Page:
Yet, here I am with a blog that contains deeply personal and politically/sociologically charged content. Worse, I post links to my blog on Facebook.

Perhaps it is the artist’s dilemma; I use writing to express myself, and I wish to make a career out of it- yet I simultaneously do not want everyone to know my business. One topic that I never divulge on the Internet is about my romantic life. However, what’s a girl to do when, for example, she’s in the beginning stages of dating someone- you know, the giddy stage where you think about that person night and day? Clearly, that person is all that she is writing about, but she doesn’t want to post a blog entry about him. Not only would that put too much pressure on the relationship and probably make the boy uncomfortable, but why does one’s entire Facebook friend list need to be updated on one’s dating life, as if it were a gossip magazine? But alas, then one’s blog goes stale for a while. Shouldn’t the artist be constantly churning out work?

I also write about other difficult, private matters such as my father passing away and losing friends. I once posted a blog entry describing how angry and alienated I felt a month after my dad’s death, but I quickly deleted it; I found it to be much too personal to share with others, and I felt very exposed. It is difficult enough to be vulnerable in front of one person in real life- try being vulnerable in front of the Internet and everyone whom you have ever met in your life.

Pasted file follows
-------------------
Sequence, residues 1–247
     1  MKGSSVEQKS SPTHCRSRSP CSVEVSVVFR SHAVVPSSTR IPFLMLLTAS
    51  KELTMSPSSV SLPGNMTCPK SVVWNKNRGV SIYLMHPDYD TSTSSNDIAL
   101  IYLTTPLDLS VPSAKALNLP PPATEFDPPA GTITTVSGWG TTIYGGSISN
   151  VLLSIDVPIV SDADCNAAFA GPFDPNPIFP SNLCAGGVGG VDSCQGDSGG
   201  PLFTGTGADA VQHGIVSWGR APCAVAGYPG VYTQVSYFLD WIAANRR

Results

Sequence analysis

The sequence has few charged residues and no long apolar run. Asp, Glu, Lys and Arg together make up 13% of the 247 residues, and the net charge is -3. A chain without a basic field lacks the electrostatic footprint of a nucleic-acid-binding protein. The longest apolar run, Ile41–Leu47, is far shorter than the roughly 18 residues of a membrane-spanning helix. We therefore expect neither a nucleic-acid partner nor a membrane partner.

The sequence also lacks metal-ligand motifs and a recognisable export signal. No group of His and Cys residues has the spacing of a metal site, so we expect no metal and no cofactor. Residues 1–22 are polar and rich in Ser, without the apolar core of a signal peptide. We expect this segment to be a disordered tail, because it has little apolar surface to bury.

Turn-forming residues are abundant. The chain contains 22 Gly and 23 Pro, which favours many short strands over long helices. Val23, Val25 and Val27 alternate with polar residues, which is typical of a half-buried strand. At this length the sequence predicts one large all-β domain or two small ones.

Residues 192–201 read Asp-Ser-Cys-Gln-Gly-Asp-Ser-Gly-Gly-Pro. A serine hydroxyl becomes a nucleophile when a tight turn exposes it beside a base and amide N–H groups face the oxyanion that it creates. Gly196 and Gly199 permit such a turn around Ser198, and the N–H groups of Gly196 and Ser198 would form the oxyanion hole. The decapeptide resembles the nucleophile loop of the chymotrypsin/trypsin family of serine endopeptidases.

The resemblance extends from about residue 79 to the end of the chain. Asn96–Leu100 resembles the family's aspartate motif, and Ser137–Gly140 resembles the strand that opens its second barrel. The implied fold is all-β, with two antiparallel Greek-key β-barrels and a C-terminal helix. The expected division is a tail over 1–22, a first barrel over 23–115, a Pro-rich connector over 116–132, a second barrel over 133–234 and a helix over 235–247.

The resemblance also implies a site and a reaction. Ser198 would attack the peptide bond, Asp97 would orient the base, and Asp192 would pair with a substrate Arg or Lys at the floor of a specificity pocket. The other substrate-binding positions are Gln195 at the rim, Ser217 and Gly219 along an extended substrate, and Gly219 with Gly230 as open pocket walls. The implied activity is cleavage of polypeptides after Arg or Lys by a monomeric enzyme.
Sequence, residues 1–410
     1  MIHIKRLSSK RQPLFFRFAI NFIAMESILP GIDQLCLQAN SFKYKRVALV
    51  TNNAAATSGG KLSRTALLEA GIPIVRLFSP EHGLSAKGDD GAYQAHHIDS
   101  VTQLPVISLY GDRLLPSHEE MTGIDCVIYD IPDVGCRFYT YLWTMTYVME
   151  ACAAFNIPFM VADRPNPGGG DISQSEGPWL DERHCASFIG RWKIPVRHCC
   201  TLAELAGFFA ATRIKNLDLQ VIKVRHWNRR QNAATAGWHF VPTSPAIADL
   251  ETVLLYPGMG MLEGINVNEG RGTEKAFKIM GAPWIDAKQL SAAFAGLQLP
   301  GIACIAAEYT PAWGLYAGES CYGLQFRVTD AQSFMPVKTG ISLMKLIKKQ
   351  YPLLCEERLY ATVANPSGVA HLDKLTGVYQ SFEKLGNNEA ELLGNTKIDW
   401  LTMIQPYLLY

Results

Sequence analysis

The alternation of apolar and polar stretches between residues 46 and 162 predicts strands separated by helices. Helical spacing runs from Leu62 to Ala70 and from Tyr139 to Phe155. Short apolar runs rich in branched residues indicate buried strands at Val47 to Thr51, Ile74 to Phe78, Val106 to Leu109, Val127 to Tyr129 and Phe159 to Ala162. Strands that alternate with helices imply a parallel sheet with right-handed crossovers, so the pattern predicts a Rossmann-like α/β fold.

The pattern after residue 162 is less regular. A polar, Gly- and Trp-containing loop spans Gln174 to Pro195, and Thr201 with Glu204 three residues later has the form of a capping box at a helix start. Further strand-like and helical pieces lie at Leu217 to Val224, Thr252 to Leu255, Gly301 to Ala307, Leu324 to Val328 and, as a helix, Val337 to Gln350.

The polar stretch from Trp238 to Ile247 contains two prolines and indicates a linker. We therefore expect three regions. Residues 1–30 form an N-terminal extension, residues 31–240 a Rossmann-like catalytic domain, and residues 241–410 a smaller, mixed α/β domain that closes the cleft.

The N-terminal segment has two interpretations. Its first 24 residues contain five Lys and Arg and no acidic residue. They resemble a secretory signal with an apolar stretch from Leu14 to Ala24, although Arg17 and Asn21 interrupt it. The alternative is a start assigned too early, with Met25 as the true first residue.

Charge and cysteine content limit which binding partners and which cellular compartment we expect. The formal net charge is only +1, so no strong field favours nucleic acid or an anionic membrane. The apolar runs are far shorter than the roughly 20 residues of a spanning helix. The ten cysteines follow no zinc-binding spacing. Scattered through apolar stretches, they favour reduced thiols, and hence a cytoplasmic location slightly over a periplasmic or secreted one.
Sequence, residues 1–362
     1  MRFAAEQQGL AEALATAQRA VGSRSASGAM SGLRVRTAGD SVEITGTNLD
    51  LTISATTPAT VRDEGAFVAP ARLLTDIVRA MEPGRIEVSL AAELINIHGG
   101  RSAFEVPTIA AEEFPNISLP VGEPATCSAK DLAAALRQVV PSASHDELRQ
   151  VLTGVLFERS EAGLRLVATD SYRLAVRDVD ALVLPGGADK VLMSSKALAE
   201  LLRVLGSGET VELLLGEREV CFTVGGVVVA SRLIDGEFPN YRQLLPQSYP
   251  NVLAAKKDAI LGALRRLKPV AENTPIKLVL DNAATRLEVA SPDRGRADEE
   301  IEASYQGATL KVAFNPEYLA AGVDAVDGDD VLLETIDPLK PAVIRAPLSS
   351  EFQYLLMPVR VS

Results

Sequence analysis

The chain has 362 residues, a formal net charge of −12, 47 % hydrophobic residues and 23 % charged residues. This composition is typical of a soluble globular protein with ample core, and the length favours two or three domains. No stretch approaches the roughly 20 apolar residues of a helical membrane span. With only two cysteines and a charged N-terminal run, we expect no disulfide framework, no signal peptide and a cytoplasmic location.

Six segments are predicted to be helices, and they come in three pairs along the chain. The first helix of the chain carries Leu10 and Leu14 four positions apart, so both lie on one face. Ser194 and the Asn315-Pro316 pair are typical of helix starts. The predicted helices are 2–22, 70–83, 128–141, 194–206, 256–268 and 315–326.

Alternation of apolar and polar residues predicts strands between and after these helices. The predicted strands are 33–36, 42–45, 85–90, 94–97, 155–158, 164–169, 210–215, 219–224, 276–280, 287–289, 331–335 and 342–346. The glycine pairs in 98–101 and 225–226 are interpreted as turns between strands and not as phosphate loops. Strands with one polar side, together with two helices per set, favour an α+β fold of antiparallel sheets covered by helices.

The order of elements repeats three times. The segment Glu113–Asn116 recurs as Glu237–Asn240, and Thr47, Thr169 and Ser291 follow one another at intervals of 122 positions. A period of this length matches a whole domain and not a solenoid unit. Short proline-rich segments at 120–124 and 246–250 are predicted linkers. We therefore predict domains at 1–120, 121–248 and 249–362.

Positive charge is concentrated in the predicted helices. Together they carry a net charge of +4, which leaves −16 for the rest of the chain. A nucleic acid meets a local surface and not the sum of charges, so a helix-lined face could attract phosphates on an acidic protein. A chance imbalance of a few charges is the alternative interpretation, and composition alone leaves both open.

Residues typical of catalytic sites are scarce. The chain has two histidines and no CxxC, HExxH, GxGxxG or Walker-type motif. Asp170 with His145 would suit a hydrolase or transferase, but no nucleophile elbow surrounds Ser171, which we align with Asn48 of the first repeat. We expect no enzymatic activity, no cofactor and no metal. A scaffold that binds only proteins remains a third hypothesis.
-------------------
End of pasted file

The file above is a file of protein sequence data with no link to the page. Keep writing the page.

Still, what I am to do? Write about subjects that do not matter to me?

Regarding the political/sociological content about which I write, I sometimes have the issue wherein I feel the weight of the world on my shoulders; I go into these phases in which I read the news too much or let the problems of the world affect me. I care a lot about the mistreatment of women in particular. When I write on this topic, sometimes it is in an effort to be informative or to make the reader think about it in even a slightly different way; most of the time, it is just to release it from my person. However, my Facebook friends then inevitably go into political debates whenever I post on the subject, and it bugs me.

However, what am I to do? Write about banal topics?

My favorite type of art, in short, makes me think about things or feel things. I would much rather listen to Kendrick Lamar rap about the plight of prostitutes in Compton over how 2 Chainz wants a Big Booty Hoe for his birthday. I oftentimes turn to art when I am feeling upset or alone to know that there is someone else who has been through the same thing.

That is my only consolation- that perhaps someone out there who is going through something shitty will read my writing and feel like they can relate to it.

Either that, or I need to start using a pseudonym.

On Friendship

5-year-olds and 25-year-olds look vastly different from one another, yet some people hold onto friendships for that long. My 26-year-old sister, who hated middle school and high school because she never fit in and her peers tormented her, still has a group of girls with whom she has been friends since the sixth grade. Whenever I meet people who have these decade-long plus groups of friends, it astounds me. Why don’t I have that?

I moved away from my hometown after high school graduation, purposefully, and I went to a new state in which I didn’t know anyone at my university. I wanted that fresh start. Long Beach was boring to me, and sticking around seemed like failure in my eyes. I had an English teacher who once warned our class, “There are some people who attend Long Beach Poly High School, go to Cal State Long Beach, and then become teachers at Long Beach Poly. Don’t be one of those people- broaden your horizons! Get out of your comfort zone!” His advice rang in my soul’s eardrums, and off to Seattle I went.